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5 Ways to Winterize Your Home Effectively
January 24, 2014
Extreme winter weather can be as hard on your home as it is on your body! Icy winds, temperature fluctuations, build up of ice and snow; all of these take a toll on your home. The result is a downgrade in energy performance, leading to higher energy costs and an expensive home repair bill in the spring. Here are some steps you can take to optimize your home for winter, making it warm and comfortable while keeping those energy costs in check.
- Proper Insulation
Proper insulation is key to maintaining a comfortable indoor home environment. One area where you should pay particular attention to is the attic. Regardless of where you live, a rule of thumb is that you need a minimum of 12 inches attic insulation.
- Energy Efficient Furnace
As a homeowner, nearly half of your energy bill goes towards your HVAC costs. You can save significantly by investing in an energy efficient furnace. Look for one that has at least a 95% annual fuel utilization efficiency (AFUE) value. The AFUE is the percentage of fuel that is turned into heat – the higher the percentage, the more energy efficient the furnace. ENERGY STAR labeled furnaces require a minimum 95% AFUE.
Siding functions as your home’s barrier against the outside elements, which is why it’s important to choose the right type. If you live in a harsher climate, there are four options that would probably work best for you:
- Brick: low maintenance, never needs painting, impervious to rot and insects, fireproof, very energy efficient, good barrier to noise.
- Metal: dent resistant, can have similar appearance to wood, low maintenance.
- Engineered wood: very weather resistant, insect resistant, easy to install.
- Fiber cement: low maintenance, weather resistant, insect resistant, rarely needs repainting.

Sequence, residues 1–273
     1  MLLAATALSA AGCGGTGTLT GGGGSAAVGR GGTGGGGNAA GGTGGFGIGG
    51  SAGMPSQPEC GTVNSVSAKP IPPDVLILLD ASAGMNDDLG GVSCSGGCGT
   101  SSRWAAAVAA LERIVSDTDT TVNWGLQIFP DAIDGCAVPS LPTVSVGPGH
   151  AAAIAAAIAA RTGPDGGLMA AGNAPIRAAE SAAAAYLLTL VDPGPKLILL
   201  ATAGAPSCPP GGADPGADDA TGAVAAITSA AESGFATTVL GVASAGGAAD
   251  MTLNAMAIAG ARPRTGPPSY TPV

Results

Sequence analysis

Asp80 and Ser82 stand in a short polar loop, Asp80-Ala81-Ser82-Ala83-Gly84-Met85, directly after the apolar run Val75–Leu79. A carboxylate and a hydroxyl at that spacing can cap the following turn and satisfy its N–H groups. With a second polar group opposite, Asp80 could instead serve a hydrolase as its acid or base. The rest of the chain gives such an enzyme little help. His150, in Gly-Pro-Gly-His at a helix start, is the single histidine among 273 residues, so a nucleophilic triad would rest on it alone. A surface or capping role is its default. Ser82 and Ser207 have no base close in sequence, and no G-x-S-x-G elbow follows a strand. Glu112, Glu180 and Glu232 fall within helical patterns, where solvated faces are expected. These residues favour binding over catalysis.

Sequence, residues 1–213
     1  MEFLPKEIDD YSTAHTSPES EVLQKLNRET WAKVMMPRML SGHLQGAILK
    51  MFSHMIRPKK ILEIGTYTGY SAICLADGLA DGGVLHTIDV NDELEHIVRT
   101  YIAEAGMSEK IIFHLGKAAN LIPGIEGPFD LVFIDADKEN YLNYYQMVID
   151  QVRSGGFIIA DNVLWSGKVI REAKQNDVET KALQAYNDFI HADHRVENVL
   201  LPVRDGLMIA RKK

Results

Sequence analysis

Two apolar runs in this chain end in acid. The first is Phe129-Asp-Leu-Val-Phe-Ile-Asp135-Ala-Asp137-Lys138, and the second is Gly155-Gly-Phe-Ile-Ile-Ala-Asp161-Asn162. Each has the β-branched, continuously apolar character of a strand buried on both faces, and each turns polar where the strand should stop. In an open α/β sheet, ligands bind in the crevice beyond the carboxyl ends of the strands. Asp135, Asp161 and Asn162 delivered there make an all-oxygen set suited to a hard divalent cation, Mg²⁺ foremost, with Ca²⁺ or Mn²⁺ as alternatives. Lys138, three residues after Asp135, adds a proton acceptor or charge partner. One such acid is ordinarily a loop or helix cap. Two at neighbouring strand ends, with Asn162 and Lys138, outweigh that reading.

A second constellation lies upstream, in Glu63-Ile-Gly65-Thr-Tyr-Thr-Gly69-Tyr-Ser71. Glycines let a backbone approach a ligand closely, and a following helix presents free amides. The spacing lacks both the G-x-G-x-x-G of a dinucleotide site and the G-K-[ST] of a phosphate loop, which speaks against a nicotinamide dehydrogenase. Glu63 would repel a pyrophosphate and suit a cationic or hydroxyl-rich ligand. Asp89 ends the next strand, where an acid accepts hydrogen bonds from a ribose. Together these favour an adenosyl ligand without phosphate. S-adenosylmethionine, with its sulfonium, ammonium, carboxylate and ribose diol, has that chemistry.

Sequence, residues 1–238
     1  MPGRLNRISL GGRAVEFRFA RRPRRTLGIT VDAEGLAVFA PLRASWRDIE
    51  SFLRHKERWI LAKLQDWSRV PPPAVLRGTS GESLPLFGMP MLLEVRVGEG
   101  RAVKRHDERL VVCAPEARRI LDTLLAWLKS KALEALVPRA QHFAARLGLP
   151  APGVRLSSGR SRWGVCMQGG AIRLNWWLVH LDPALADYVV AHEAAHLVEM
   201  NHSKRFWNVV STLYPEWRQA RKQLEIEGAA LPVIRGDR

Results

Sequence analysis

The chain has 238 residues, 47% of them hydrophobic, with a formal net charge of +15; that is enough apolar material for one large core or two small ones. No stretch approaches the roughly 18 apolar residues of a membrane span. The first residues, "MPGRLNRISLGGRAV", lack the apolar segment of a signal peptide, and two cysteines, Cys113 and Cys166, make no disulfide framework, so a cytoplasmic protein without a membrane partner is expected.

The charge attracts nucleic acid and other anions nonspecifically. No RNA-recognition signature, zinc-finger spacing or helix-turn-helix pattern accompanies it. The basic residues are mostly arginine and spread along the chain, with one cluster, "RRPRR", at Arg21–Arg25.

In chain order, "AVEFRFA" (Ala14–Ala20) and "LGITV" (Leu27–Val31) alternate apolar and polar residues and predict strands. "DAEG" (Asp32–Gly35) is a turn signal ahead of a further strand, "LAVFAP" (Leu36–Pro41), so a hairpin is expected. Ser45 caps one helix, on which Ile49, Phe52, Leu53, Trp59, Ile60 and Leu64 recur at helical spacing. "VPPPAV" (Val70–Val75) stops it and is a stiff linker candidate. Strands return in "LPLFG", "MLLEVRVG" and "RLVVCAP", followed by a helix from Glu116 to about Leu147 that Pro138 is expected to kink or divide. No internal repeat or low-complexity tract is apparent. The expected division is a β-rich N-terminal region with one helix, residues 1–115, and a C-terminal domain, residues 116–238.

Ice dams are common and damaging problems that effect many homes in colder climates. Caused by melting snow that refreezes in gutters and roof edges, ice dams can break gutters; peel paint from your home’s exterior and damage shingles. You can prevent ice dams from forming by cleaning out your gutters. Clearing out debris will help make sure that winter run-off doesn’t get clogged and refreeze when the temperature drops.
- Air Sealing
Cold air leaking into your home is a major source of both discomfort and high energy costs. The way to address this problem is to air seal your home. According to ENERGY STAR, proper air sealing can save you up to 20% annually on your home heating and cooling costs. Hidden air leaks are often found in attics and crawlspaces, while windows and doors are common culprits in most homes. Installing storm windows will provide an extra barrier against the elements, and come in a variety of styles to suit each taste. Also to watch out for is ductwork; as much as 20% of the air moving through a home’s ducts can be lost due to duct leaks.
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